Recent Uber Ruling Threatens “Sharing Economy” Business Model
LGC Staff
Fri July 3, 2015
7:48 PM UTC

By Patrick Klingborg

A California Labor Commissioner’s recent ruling that an Uber driver is an employee, not an independent contractor, represents a threat to the rapid rise of the “sharing economy” in which companies depend on the labor of workers classified as independent contractors.

Although completely separate from, and unrelated to, the ongoing O’Connor, et al. v. Uber Technologies, Inc. class action lawsuit currently pending in U.S. District Court for the Southern District of California, the Labor Commissioner’s ruling could foreshadow the reasoning that might underlie a future potential holding that Uber is misclassifying its drivers as independent contractors.

The Labor Commissioner’s ruling considered a former Uber driver’s claim that she was entitled to reimbursement of business expenses she incurred in using her car to transport Uber customers.  The complaint hinged on whether the Uber driver was an employee or independent contractor because, under California law, employees are entitled to reimbursement of business expenses while independent contractors are not. The Labor Commissioner held the driver was an employee because Uber was “involved in every aspect of the operation.”   Specifically, Uber vetted prospective drivers by requiring prospective drivers to disclose a variety of personal information; Uber controlled the tools the drivers used because Uber drivers’ cars must meet certain qualifications (such as being no more than ten years old); and Uber had the sole discretion to negotiate customer fees and fares.

Of course, whether Uber drivers are independent contractors or employees is the same question at issue in the O’Connor case, leading some to believe the Labor Commissioner’s ruling was a blow to Uber’s chances of prevailing in the unrelated O’Connor litigation.  In actuality, the Labor Commissioner’s ruling has no precedential value in U.S. District Court, or even in other Labor Commissioner rulings, for that matter. In fact, the Labor Commissioner considered this exact same question in 2012 in Alatrachqi v. Uber Technologies, Inc., and reached the opposite result in ruling the Uber driver in that case was an independent contractor.  As Labor Commissioner rulings apply only to the specific person who brings a claim, they have no binding effect beyond each individual claimant.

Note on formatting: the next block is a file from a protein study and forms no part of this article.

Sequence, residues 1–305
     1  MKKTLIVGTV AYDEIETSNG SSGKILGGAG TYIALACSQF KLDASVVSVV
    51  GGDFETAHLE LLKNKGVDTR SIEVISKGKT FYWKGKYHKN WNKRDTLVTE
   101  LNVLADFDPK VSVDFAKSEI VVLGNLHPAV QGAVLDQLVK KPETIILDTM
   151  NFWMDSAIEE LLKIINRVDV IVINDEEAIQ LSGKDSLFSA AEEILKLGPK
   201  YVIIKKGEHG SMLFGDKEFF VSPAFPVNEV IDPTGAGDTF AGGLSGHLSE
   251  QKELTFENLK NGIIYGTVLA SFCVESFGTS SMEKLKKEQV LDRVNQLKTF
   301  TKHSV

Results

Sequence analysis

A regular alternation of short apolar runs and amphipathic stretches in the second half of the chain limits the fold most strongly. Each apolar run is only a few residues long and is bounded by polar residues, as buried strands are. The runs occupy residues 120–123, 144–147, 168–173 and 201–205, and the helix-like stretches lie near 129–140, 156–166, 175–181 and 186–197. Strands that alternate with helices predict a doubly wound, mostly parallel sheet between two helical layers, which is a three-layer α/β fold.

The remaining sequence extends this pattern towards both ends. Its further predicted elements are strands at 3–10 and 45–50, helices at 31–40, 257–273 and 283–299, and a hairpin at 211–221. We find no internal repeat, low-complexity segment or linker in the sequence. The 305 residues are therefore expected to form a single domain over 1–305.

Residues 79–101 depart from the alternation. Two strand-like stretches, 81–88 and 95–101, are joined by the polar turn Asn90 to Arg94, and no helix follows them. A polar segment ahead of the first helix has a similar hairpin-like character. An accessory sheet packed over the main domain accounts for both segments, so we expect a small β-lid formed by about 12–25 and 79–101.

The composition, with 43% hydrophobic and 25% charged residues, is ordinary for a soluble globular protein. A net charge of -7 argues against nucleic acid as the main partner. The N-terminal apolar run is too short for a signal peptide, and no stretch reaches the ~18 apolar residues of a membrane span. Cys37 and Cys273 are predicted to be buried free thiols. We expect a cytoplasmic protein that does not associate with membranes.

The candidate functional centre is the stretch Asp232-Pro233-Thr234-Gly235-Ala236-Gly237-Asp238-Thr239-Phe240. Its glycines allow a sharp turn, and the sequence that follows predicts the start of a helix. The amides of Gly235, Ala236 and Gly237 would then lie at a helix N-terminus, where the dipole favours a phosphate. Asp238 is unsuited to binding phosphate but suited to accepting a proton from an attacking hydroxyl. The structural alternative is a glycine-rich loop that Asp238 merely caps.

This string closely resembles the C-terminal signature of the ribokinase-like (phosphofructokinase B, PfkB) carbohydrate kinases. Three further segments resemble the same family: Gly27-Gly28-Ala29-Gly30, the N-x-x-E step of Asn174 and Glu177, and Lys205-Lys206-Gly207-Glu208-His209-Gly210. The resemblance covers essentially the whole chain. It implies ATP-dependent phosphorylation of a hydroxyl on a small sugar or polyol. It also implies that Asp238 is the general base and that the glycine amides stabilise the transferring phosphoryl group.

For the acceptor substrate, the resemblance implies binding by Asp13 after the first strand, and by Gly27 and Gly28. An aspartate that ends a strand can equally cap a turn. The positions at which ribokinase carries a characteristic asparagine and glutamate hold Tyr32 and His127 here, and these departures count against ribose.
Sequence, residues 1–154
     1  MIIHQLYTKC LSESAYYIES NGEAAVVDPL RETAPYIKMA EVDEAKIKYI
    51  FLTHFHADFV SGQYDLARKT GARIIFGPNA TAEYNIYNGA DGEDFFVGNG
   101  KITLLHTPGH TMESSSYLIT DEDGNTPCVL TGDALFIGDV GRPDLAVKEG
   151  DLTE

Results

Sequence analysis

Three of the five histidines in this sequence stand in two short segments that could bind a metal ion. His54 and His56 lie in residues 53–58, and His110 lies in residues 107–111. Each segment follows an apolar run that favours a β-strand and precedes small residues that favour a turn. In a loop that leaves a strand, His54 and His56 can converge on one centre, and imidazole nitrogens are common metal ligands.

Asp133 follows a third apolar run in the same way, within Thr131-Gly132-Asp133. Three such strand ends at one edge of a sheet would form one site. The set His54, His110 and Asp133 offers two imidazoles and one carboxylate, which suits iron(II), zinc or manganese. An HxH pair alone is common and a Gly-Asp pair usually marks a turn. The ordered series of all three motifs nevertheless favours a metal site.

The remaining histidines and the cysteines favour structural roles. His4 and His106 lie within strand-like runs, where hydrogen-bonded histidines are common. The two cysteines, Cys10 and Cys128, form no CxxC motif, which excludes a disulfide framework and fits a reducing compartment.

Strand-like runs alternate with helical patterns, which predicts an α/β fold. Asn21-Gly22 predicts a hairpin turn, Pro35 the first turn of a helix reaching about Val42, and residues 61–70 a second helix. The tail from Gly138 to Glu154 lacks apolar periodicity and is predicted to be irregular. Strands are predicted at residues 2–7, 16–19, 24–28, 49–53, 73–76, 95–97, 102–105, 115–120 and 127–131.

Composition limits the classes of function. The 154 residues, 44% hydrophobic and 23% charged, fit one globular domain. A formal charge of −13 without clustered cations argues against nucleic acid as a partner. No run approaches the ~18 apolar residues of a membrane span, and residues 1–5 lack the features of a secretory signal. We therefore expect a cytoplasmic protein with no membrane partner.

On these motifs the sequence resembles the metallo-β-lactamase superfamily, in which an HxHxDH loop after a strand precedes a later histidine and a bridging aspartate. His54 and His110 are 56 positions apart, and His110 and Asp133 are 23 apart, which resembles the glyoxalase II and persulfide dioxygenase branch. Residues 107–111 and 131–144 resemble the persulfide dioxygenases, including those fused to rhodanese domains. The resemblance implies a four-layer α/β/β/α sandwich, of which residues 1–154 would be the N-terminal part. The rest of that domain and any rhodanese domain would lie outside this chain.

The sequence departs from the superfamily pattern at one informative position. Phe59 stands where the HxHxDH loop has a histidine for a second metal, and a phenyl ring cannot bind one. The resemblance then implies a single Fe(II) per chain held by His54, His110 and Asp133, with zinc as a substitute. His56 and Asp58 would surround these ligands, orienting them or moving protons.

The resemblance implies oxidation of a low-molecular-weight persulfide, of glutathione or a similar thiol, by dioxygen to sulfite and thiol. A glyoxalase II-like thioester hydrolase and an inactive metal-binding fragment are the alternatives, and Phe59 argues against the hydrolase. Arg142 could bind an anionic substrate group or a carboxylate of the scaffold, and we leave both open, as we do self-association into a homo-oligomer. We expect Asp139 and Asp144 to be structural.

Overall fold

Regardless of whether the holding in the O’Connor case ultimately mirrors the outcome in the recent Uber Labor Commissioner case, the uncertainty over proper classification of workers represents a threat to the burgeoning “sharing economy” in which companies adopt a similar business model to Uber but for different services.  Many of the businesses that comprise the sharing economy classify their workers as independent contractors.  Depending on the level of the control the employer exercises over the worker, such a classification may be correct.   But given Uber’s recent legal issues, sharing economy businesses are sure to face increased scrutiny going forward, at the very least.

If sharing economy businesses are forced to reclassify their workers as employees, they stand to incur extra costs such as reimbursement to employees for businesses expenses and tax consequences. In turn, these extra expenses may be passed down to the consumer.  If the increase in price for sharing economy services proves to be too much for consumers to bear, sharing economy businesses may face significant adversity going forward.  Ultimately, the future of the sharing economy will depend on whether consumers determine any such increase in sharing economy prices is outweighed by the benefit these unique and convenient services provide.

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